Not getting enough quality sleep affect every aspect of your life including your weight, mental health, work performance, relationships, your safety, as well as increased risk for certain diseases. We all experience problems with sleep from time to time. But if you're having difficulty sleeping regularly, you might be having a sleep disorder. Do you also often feel tired during the day even after getting sufficient sleep the night before? Then you're likely dealing with a sleep disorder.
There are many types of sleep disorders (approximately 80 different types). Common sleep disorders include insomnia (the most common one), restless legs syndrome, narcolepsy and sleep apnea. Get to know more about these conditions.
Obstructive Sleep Apnea (OSA)
Obstructive sleep apnea happens due to narrowed or blocked airways, leading to repetitive episodes of complete or near-complete cessation of breathing during sleep. This type of sleep disorder can cause symptoms like excessive daytime sleepiness, loud snoring, night sweats, morning headache, waking up with dry mouth or sore throat, trouble concentrating, forgetfulness, mood changes, such as depression or irritability.
If you have central sleep apnea, your breathing will repeatedly stop and start during sleep. This occurs when the muscles that control your breathing do not get proper signals from the brain. Compared to obstructive sleep apnea, central sleep apnea is less common, and it usually doesn't cause snoring. But both types can occur together, which is known as mixed sleep apnea. Central sleep apnea usually results from other conditions, such as heart failure and stroke. Sleeping at a high altitude can also cause this sleep disorder.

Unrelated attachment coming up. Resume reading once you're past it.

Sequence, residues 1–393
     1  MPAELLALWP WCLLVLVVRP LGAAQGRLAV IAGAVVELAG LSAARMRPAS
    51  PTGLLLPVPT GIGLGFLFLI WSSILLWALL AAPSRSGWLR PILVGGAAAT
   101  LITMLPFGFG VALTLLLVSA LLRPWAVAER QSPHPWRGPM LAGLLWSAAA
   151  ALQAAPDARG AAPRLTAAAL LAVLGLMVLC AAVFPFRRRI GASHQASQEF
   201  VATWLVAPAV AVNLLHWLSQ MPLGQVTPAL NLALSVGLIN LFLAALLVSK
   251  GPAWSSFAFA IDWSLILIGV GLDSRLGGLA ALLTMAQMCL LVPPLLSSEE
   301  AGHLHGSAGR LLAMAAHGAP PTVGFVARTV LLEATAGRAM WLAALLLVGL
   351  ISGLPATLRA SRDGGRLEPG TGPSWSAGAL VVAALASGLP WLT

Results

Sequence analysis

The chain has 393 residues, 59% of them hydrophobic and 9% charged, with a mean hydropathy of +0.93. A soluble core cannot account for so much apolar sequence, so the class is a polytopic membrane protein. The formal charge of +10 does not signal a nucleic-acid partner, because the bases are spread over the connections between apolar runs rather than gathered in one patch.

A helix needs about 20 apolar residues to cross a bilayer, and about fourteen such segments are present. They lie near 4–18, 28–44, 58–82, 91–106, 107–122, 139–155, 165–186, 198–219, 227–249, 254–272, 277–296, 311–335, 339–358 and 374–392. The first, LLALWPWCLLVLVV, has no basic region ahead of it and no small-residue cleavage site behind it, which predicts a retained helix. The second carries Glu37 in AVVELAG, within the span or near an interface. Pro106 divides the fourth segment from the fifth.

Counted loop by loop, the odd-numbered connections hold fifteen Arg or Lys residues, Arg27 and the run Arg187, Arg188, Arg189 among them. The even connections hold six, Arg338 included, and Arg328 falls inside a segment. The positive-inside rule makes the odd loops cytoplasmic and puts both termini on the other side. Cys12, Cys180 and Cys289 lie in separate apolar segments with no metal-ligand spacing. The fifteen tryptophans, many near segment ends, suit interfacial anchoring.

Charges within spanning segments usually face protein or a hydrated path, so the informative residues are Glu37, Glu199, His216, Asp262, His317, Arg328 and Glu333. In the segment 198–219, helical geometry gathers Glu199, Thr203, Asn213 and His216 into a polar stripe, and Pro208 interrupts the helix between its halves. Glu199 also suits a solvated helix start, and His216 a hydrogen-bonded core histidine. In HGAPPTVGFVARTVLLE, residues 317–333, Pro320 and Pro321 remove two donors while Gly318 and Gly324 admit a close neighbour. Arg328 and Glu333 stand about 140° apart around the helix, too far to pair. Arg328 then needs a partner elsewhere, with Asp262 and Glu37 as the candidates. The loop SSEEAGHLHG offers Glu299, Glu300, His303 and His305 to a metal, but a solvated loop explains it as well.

This type of sleep disorder causes trouble falling and/or staying asleep. The condition can be acute (lasting from 1 night to a few weeks) or chronic (occurring at least 3 nights a week for 3 months or more). Causes of insomnia include: stress, changes to your sleep schedule, genes, other health conditions like hyperthyroidism, Alzheimer's disease, ADHD, depression and anxiety, as well as certain medications.
Some people may have trouble staying awake during the day. It's called hypersomnia and it is characterized by excessive daytime sleepiness or excessive time spent sleeping. People who have hypersomnia may also have other sleep disorders, including narcolepsy (daytime sleepiness) and sleep apnea. Being overweight, drug or alcohol abuse, depression are other potential causes of hypersomnia.
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Parasomnias are unusual and undesirable behaviors that occur prior to falling asleep, while asleep or during arousal from sleep. These include nightmares, night terrors, sleepwalking, confusional arousals (also known as excessive sleep inertia or sleep drunkenness), rhythmic movement disorder, sleep talking, sleep enuresis (bedwetting), sleep bruxism (teeth grinding), etc.
Restless legs syndrome
Willis-Ekbom Disease or Restless legs syndrome causes an uncontrollable urge to move the legs, because of an uncomfortable sensation as itching, prickling, pulling, or crawling. Typically, this happens in the evening or nighttime hours when relaxing, sitting or lying down in bed. People with RLS may experience daytime sleepiness, irritability and difficulty concentrating.
This neurological disorder when the brain's ability to control sleep-wake cycles gets affected. People with narcolepsy may feel very drowsy much of the day (excessive daytime sleepiness) and fall asleep suddenly at any time. Cataplexy, hallucinations, sleep paralysis, and disrupted sleep are some of other symptoms of narcolepsy.